Since I got back from skiing, I have finished the initial draft (draft one plus rewrites and revisions)  of Book 6 of The Toki-Girl and the Sparrow-Boy series, The Dragon Sisters, and it's in the custody of its first set of readers.  I'll get their feedback soon and will incorporate that, then off it goes to its editor so it can and will meet its planned publication date.  I've talked to my Formatter Extraordinaire, and everything's rolling right along.

I'll even be meeting with an artist for illustrations and more next week!  This is very exciting!

The technological developments of the late 19th Century mean that everything changed even more quickly than people had become accustomed to since the Meiji restoration.  Such an exciting time and one reason new and different illustrations are needed.  Seeing how my characters, human and otherwise, managed to cope with this incredible pace is fascinating.  This wasn't just happening in Japan -- the Industrial Revolution changed the entire world.  Japan, because of its previous isolation, its unique culture, and its complete rejection of the notion that it should become a Western colony, changed more and faster  than most, while somehow remaining relentlessly itself.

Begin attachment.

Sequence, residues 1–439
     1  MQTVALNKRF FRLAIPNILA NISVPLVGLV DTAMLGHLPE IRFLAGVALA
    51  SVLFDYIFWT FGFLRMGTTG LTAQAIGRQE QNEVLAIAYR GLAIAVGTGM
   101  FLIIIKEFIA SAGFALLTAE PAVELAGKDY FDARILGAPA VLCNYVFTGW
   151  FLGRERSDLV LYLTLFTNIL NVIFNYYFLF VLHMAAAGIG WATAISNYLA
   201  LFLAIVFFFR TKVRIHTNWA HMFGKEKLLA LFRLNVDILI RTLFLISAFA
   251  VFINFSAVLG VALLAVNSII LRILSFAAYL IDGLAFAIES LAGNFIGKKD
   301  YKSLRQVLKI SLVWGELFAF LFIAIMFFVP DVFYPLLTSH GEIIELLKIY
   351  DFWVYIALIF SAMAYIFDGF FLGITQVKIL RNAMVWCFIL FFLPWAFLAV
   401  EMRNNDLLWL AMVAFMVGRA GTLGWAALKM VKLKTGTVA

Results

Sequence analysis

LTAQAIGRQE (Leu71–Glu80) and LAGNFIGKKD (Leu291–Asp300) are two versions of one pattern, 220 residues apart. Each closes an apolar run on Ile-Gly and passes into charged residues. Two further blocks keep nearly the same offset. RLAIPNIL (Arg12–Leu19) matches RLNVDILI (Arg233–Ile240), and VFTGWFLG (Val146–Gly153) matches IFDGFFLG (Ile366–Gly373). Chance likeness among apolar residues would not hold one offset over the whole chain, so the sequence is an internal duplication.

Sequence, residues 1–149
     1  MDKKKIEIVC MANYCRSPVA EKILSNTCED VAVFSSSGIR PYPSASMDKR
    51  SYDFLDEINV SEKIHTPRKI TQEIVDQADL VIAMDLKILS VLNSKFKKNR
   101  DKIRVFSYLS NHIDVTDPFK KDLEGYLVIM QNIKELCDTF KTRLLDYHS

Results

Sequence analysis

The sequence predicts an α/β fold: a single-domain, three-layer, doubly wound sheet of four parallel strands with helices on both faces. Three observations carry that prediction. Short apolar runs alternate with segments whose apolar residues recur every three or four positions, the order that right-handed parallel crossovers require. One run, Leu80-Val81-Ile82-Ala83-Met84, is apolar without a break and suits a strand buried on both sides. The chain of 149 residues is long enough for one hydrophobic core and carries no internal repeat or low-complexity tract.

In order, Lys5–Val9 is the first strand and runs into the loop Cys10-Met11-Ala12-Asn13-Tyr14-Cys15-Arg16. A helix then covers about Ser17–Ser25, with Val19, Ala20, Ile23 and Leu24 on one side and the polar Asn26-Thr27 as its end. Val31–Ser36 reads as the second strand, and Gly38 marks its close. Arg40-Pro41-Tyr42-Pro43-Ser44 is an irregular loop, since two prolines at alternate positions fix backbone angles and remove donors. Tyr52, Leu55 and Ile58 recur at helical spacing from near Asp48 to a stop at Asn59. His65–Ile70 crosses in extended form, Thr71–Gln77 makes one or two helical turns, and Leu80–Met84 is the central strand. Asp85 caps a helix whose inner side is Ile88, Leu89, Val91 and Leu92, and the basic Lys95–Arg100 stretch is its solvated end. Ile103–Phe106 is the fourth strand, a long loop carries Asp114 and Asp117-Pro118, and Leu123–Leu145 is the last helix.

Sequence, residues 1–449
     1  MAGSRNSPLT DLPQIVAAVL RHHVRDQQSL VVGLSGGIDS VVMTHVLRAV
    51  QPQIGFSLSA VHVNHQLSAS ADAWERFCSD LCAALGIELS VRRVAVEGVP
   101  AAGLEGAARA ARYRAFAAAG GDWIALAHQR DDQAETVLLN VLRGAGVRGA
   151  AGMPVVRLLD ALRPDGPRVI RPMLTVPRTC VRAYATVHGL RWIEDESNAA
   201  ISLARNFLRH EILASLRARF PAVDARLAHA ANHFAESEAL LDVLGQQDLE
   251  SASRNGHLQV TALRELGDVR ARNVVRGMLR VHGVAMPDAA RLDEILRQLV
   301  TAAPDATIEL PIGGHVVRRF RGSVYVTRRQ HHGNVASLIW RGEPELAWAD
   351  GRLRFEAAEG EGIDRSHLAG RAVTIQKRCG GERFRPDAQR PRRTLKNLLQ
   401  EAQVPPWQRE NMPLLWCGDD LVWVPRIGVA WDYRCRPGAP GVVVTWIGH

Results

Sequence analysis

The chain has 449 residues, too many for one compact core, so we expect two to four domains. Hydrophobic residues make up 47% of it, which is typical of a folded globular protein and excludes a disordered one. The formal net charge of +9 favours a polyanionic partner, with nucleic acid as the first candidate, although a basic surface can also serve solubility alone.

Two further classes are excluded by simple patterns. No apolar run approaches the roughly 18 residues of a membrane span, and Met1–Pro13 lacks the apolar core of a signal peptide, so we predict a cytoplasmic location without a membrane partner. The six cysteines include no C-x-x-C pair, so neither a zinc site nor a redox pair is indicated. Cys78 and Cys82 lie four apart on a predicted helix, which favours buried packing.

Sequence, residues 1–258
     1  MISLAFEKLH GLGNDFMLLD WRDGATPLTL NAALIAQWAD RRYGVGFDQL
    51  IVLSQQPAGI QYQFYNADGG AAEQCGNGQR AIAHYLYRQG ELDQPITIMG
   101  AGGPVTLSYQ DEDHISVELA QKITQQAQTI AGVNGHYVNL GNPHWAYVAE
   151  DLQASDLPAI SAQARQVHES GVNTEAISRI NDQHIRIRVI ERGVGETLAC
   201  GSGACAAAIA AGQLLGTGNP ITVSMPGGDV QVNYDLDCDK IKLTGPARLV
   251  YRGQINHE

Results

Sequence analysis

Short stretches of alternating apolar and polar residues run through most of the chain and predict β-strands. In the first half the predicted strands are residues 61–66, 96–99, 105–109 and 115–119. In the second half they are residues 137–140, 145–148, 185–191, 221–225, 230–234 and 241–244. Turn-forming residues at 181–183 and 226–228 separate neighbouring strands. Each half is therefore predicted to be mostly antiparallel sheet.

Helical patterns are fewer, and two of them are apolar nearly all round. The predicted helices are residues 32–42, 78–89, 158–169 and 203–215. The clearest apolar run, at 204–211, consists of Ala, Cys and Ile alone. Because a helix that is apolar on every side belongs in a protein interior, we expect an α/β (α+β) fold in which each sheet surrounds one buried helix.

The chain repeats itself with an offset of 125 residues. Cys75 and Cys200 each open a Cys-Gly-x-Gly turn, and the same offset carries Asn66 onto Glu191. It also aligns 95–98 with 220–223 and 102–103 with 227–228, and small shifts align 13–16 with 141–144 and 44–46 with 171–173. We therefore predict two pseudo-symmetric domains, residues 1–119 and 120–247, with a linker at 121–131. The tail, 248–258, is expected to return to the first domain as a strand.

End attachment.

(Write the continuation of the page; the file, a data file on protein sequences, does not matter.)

For many years, I traveled between the US and Japan trying to understand this culture and its people. I will always see Japan through a distinctly American eye.  On the one hand, this gives me the ability to see things a native Japanese person wouldn't because they are part of the social and cultural landscape, so deeply ingrained they're not even noticed.  On the other hand, I am constantly reminded of how little I know and how much I miss.

Yet living here is making me an odd amalgam.  Just the way I've combined my mother's Anglo-Indian Curry recipe with the classic Japanese take on that dish shows me how I'm mingling the cultures -- quite deliciously in that instance.  I had to think quite a lot about the differences between my Western and Japanese characters as they learn to interact.  It's no longer obvious to me how a Prince from the West and a Princess from the East would view monarchial succession, for example.  The fact that they're dragons doesn't make it any easier.  Or maybe it does.

Farmer's house, Hokkaido.